Colleen Le Prell, Ph.D., of the University of Michigan’s Kresge Hearing Research Institute, has found that high doses of certain antioxidants reduces noise-induced hearing loss in animals when taken both before and after loud noise.
Dr. Le Prell was supported by a grant from the American Hearing Research Foundation in 2005, when she was studying the auditory nerve. Here work using this grant has led to her new research.
Dr. Le Prell’s new research, which was conducted in collaboration with Joseph Miller, Ph.D., revealed that a combination of high doses of vitamins A, C, and E and magnesium, taken one hour before noise exposure and continued as a once-daily treatment for five days, was very effective at preventing permanent noise-induced hearing loss in guinea pigs. The animals had prolonged exposure to sounds as loud as a jet engine at take-off at close range. Her study was recently published online in the journal Free Radical Biology and Medicine.
Previously, it was believed that loud sounds or noise damaged hearing by directly destroying the inner ear’s sensory hair cells by intense vibration. More recent studies indicate that noise exposure damages sensory cells by the formation of free radicals, damaging molecules known to cause cell death. Le Prell’s research shows that damage to the sensory cells can be prevented by antioxidants that prevent free radical damage by binding to free radical molecules and rendering them harmless.
The formulation the researchers used built on earlier animal studies showing that single antioxidant vitamins were somewhat effective in preventing hearing loss, and on studies of Israeli soldiers given magnesium many days prior to exposure, who gained relatively small protective effects.
The researchers measured noise-induced hearing loss in four groups of guinea pigs treated with the antioxidant vitamins A, C and E, magnesium alone, an ACE-magnesium combination, or a placebo. The treatments began one hour before a five-hour exposure to 120 decibel (dB) sound pressure level noise, and continued once daily for five days.
The group given the combined treatments of vitamins A, C and E and magnesium showed significantly less noise-induced hearing loss than all of the other groups. Noise-induced sensory cell death was also reduced in the group given the combined treatment.
“Vitamins A, C and E and magnesium worked in synergy to prevent cell damage,” explains Dr. Le Prell. According to the researchers, pre-treatment presumably reduced reactive elements called free radicals that form during and after noise exposure and noise-induced constriction of blood flow to the inner ear, and may have also reduced neural excitotoxicity, or the damage to auditory neurons that can occur due to over-stimulation. The post-noise nutrient doses apparently “scavenged” free radicals that continue to form long-after after this noise exposure ends.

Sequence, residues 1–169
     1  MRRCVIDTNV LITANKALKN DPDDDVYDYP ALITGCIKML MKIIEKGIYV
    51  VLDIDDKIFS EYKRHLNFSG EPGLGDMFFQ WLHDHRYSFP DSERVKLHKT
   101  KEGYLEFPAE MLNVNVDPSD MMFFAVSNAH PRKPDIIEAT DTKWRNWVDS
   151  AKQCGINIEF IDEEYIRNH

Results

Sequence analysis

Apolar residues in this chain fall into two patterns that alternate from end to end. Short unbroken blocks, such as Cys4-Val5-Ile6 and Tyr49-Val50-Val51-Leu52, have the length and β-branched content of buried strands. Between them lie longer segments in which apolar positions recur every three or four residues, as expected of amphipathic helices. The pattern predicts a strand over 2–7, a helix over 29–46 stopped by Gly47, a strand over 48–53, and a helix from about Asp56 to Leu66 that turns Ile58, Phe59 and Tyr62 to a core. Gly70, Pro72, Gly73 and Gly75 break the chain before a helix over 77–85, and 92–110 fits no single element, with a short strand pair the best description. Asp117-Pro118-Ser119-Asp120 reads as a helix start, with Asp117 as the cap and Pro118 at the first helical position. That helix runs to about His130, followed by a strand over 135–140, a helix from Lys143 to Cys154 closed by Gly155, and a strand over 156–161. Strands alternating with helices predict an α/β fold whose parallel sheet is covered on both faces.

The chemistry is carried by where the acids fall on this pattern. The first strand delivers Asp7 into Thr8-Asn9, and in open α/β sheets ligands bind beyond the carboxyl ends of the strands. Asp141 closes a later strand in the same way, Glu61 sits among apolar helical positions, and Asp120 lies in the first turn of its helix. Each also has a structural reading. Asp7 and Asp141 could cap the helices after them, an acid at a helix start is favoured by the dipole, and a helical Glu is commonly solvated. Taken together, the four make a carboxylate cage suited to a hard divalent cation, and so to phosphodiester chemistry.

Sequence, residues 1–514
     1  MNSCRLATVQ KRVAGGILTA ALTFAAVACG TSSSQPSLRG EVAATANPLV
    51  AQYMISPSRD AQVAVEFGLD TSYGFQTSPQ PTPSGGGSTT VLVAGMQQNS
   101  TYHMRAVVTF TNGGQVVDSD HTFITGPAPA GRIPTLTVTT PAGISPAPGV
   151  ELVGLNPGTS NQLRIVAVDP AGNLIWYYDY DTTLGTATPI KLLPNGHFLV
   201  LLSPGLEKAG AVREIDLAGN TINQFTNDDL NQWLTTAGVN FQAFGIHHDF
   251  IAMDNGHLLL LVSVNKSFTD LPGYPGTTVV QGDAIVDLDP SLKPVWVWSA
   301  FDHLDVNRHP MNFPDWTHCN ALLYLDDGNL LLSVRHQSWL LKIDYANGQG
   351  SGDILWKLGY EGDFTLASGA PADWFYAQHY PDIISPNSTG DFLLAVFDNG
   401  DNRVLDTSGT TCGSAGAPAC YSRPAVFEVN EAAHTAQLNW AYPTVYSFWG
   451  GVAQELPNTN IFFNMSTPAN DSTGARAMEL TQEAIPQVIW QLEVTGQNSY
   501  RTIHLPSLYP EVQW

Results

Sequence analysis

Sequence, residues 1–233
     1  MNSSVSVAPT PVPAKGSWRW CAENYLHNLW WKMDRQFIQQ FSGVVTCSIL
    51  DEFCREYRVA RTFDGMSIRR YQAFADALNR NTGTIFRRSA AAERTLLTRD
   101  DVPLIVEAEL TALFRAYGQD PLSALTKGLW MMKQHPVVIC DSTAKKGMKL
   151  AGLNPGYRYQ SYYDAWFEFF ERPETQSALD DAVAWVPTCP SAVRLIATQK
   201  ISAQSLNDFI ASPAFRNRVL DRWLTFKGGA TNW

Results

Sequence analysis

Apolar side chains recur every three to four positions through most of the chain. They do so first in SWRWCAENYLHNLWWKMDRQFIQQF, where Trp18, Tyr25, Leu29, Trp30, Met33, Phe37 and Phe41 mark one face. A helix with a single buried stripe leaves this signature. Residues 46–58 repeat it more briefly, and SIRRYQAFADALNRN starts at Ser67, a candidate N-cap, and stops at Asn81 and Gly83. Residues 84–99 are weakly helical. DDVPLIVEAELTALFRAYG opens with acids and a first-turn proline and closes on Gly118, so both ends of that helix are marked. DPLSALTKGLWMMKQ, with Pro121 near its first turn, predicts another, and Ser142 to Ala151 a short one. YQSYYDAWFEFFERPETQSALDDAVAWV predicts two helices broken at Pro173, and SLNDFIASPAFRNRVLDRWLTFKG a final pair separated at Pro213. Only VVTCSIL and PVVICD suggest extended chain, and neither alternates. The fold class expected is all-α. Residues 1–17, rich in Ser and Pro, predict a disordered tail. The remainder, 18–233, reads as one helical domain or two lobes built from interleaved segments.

In the past 10 years, scientists have learned that noise-induced hearing loss occurs in part because cell mitochondria in the ear churn out damaging free radicals in response to loud sounds. “Free radical formation bursts initially, then peaks again during the days after exposure,” explains Le Prell.
The antioxidant vitamins and magnesium used in the study are widely used dietary supplements, not new drugs, and therefore they don’t require the extensive safety tests required for new drug entities prior to use in clinical trials. Human trials are expected to begin within two to three months with soldiers in urban combat training exercises, and doses of the micronutrients will be within the ranges considered safe according to the Institute of Medicine and federal nutrition guidelines.
“Other people would likely benefit by consuming a pill or nutritional bar before going to work in noisy environments, or attending noisy events like NASCAR races or rock concerts, or even using an iPod or other music player,” says Le Prell. “Based on an earlier study with other antioxidant agents, we think this micronutrient combination will work even post-noise.”
That study suggested a “morning after” treatment that might minimize hearing damage for soldiers, musicians, pilots, construction workers and others — even if they don’t take it until after they experience dangerous noise levels.
If effective, such pre- and post-noise treatments could have far-reaching effects. About 30 million Americans regularly experience hazardous noise levels at work and at home, according to the National Institute on Deafness and Communications Disorders. Hunting, snowmobiling, using machines such as leaf blowers, lawnmowers and power tools, and attending or playing in loud music concerts commonly expose people to dangerous noise levels. Noise levels above 85 decibels damage hearing. About 28 million Americans have some degree of hearing loss. For about a third of them, noise accounts at least in part for their loss.